Three-time candidate for president Ron Paul said Wednesday he does not like any of the remaining GOP candidates in the 2016 race, and would not support Donald Trump if he were to win the Republican nomination.
Trump has been able to tap into the anger and fear of a large "minority" of voters, Paul told CNBC's "Squawk Box." He said the billionaire businessman acts like he has all the answers but "zero" realistic solutions to the problems facing the nation.
"I hear the ability of politicians to capitalize on the worries," the libertarian Republican continued. "They're able to use the blame game." Paul served 12 terms as a U.S. congressman from Texas.
Trump was the projected winner of Tuesday's Nevada caucuses by a wide-margin, his third-straight victory with the Super Tuesday contests less than a week away. Sen. Marco Rubio of Florida was seen edging out Sen. Ted Cruz of Texas for second place in Nevada.
Paul admitted that Trump has the momentum in the early contests, but said there's a long road of primaries and caucuses before the GOP's nominating convention in July.
The race for the White House has become "Trump-ism versus Sander-ism," said Paul, referring to Democratic candidate Bernie Sanders. He said both approaches are "not a whole lot different" in their wrongheadedness.
Sanders wants to make the government bigger and Trump wants to be the government, said Paul, who unsuccessfully sought the GOP presidential nomination in 2008 and 2012. He also ran in a failed bid for the White House in 1988 as the nominee of the Libertarian Party.
Paul's son — Republican Sen. Rand Paul of Kentucky, who had sought to take up his father's mantle — dropped his presidential bid earlier this month after a poor showing in the Iowa caucuses, the first-in-the-nation nominating contest.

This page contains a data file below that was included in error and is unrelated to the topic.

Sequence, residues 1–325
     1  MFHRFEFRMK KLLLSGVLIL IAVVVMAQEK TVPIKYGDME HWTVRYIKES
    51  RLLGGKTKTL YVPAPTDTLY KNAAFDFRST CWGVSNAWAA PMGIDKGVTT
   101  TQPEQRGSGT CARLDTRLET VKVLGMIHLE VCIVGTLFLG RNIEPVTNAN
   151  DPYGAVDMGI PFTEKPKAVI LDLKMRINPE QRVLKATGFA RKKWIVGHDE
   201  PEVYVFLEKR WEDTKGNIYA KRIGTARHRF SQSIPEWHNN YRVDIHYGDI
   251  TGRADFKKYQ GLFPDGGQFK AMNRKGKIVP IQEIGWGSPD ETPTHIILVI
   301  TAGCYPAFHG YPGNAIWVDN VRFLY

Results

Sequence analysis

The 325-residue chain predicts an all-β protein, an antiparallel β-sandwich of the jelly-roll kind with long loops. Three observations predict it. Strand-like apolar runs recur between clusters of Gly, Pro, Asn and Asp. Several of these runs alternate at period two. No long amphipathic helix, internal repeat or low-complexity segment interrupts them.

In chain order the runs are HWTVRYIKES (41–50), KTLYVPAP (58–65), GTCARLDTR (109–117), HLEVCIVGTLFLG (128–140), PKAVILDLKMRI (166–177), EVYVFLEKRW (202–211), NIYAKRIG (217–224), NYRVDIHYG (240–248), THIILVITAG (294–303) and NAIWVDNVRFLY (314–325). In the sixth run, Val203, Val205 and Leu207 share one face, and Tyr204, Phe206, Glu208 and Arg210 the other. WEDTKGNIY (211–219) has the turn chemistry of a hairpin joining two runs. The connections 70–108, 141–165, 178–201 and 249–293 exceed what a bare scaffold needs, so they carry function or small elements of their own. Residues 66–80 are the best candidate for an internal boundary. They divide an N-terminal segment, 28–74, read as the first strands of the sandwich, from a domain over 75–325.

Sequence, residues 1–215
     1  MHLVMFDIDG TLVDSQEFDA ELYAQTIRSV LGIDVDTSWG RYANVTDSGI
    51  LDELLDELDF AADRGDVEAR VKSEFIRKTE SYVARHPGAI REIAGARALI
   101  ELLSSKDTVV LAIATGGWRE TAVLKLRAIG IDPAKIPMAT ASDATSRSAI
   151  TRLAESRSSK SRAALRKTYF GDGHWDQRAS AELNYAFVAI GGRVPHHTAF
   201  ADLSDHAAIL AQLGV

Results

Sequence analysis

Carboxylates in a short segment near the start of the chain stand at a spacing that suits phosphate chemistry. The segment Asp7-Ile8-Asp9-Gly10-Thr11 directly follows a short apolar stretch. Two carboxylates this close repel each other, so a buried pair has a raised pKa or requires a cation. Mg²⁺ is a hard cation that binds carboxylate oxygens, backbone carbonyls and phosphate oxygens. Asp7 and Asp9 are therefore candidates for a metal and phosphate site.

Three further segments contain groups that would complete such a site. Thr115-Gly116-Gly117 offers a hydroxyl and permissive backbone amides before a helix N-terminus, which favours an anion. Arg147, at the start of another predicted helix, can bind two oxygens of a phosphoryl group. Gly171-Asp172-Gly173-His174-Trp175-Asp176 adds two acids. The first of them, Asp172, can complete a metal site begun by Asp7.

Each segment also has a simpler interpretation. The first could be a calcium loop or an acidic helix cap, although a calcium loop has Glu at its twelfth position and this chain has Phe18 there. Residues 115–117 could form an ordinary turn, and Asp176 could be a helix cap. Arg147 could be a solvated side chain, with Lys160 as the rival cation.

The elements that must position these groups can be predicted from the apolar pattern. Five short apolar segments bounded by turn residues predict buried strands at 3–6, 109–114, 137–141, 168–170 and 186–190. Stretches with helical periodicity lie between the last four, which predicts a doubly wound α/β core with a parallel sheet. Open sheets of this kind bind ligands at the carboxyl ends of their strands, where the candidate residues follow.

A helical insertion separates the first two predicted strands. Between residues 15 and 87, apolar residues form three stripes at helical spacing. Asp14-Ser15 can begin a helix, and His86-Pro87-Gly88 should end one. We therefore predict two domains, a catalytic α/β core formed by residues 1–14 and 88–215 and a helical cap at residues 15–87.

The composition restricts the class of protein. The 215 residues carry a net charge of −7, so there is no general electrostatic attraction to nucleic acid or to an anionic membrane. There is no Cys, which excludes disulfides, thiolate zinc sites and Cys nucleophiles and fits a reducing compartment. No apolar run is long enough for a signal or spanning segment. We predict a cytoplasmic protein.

Cruz — who beat Trump in Iowa and then racked up three third-places finishes in New Hampshire, South Carolina, and Nevada — is making the case that he's the most electable anti-establishment candidate.
In the establishment lane with Rubio, who was third in Iowa, fifth in New Hampshire, and second in both South Carolina and Nevada, is Ohio Gov. John Kasich. Kasich got a boost from grabbing the No. 2 spot in New Hampshire after getting off to a slow start in Iowa.
"We're going to do very well on Super Tuesday," said Tom Ridge, the national co-chairman of Kasich campaign. "We are going to do quite well in the weeks ahead."
Ridge, a former governor of Pennsylvania and ex-director of the Homeland Security Department, played down Kasich's fifth-place finishes in South Carolina, and Nevada.
"We're going to win Ohio [on March 15]," Ridge said, despite the latest poll showing Kasich slightly behind in his home state to Trump. "And [in] some of those 'purple states' we're going to see the value of having a proven leader with a consistent conservative record."
Ridge insisted that Kasich has the best chance to beat Trump and capture the GOP nomination, Ridge said. He touted the candidate's service to Ohio, currently as a second-term governor and as a longtime U.S. congressman who was chairman of the Budget Committee from 1995 to 2001.
"When people start focusing, I think they're going to pay a lot more attention to records rather than rhetoric," said Ridge, who had been a supporter of Jeb Bush before the former Florida governor dropped out of the race.